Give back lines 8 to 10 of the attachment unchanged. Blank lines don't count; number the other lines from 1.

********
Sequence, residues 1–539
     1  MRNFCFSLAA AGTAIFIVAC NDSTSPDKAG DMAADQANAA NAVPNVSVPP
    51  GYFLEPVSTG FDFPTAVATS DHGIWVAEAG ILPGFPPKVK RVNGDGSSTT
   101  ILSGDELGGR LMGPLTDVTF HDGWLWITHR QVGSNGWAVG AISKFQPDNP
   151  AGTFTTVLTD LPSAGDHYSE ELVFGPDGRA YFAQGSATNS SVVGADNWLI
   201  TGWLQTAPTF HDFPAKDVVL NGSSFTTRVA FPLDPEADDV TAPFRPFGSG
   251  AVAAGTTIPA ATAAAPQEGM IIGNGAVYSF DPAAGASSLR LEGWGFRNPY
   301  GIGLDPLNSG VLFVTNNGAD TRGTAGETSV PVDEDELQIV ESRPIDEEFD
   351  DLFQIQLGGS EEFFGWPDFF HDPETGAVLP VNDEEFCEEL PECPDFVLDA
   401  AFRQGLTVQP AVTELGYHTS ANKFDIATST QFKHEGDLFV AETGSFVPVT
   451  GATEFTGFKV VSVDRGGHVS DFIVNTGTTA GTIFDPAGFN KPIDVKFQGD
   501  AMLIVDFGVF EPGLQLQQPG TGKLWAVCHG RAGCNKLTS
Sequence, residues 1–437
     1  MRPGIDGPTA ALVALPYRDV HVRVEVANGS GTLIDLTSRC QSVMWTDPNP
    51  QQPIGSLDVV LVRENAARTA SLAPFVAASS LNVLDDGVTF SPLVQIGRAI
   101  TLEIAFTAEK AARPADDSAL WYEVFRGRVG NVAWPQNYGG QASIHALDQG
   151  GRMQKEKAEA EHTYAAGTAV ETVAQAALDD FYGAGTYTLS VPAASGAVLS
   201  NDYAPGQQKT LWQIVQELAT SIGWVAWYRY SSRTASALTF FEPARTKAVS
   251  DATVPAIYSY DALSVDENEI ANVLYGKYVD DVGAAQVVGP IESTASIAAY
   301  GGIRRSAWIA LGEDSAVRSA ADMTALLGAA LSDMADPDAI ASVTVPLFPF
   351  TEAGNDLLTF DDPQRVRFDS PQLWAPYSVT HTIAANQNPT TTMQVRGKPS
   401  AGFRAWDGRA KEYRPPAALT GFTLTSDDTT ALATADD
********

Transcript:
   301  GIGLDPLNSG VLFVTNNGAD TRGTAGETSV PVDEDELQIV ESRPIDEEFD
   351  DLFQIQLGGS EEFFGWPDFF HDPETGAVLP VNDEEFCEEL PECPDFVLDA
   401  AFRQGLTVQP AVTELGYHTS ANKFDIATST QFKHEGDLFV AETGSFVPVT